Kladno is an industrial city west of Prague and was a vital hub of the labour movement even under Austria-Hungary. It was from here that a failed Communist coup and general strike was organised in December 1920. Hašek was designed by Komintern to play a role in it but arrived a few days after the coup had been put down. Hašek knew Kladno from before the war, and on 29 June 1914 he and Josef Lada visited Rotter, the above mentioned policeman!

In 1913 Kladno's population was 19,369, and nearly exclusively Czech. There was also a certain military presence. The town has the seat of both the hejtmasntví and okres carrying its name. Militarily it was part of Ergänzungsbezirk 28, Prague.

Links

Source: Josef Lada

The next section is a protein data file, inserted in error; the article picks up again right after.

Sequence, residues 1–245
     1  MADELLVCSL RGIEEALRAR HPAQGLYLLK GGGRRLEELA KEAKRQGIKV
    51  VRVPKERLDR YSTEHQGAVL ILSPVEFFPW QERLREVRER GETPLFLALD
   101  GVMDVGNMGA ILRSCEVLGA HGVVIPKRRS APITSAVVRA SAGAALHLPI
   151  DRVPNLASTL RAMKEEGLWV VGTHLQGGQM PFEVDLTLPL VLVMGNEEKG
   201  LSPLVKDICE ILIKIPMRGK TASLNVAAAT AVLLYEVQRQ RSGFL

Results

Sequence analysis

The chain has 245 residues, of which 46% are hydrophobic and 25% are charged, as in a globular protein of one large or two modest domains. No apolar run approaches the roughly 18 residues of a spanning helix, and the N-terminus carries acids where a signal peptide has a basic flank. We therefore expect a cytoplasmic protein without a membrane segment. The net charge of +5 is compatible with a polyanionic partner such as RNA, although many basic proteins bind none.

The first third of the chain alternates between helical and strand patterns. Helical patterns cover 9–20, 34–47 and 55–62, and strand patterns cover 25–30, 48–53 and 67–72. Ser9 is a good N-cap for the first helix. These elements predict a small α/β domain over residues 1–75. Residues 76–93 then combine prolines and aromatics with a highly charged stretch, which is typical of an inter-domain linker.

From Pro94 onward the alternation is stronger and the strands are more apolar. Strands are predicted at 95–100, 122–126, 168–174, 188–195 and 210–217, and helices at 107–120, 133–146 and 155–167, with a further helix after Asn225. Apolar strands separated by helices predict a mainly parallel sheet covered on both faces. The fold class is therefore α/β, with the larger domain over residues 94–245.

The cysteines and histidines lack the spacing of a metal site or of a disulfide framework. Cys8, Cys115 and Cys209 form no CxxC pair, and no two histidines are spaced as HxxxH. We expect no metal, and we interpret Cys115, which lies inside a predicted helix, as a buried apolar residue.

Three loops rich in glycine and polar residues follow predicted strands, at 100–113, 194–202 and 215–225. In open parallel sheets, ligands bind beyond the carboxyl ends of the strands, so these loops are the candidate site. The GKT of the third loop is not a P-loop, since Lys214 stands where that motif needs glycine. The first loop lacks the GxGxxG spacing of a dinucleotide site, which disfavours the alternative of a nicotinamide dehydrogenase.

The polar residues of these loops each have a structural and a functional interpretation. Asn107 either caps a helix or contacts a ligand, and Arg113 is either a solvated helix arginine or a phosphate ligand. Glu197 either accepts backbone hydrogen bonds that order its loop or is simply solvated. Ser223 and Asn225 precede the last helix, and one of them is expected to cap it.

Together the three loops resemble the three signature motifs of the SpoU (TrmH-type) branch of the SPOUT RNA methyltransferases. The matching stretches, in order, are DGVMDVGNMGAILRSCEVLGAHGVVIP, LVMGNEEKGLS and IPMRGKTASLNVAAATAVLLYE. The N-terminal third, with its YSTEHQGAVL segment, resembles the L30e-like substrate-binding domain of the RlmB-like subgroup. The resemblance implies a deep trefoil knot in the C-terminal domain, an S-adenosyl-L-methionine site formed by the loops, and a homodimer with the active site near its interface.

Quote from the novel
[1.3] Taky vám dám příklad, jak se na Kladně zmejlil jeden policejní pes, vlčák toho známého rytmistra Rottera.
Kladenskonn flag
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kladensko.jpg

Unhošť

Kladensko is part of the anecdote about Rotter and his police dogs and the experiments with letting the dogs chase down tramps.

Background

Kladensko is the Czech name of the Kladno district west of Prague. Hašek visited the area on 28 June 1914 together with Josef Lada. See Kačák for more information.

Kladensko was probably a term that was synonymous with okreshejtmanství Kladno, a region counting 80,785 inhabitants distributed across the two judicial districts Kladno and Unhošť, totalling 45 local communities (1913).

Links

Quote from the novel
[1.1.3] Taky vám dám příklad, jak se na Kladně zmejlil jeden policejní pes, vlčák toho známýho rytmistra Rottra. Rytmistr Rotter pěstoval ty psy a dělal pokusy s vandráky, až se Kladensku počali všichni vandráci vyhejbat.
Lánské lesynn flag
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Lánské lesy is mentioned in the same story as Kladno, about police chief Rotter and his dogs.

Background

Lánské lesy is a forested area by Kladno, named after the nearby town of Lány. See Klandesnko.

Quote from the novel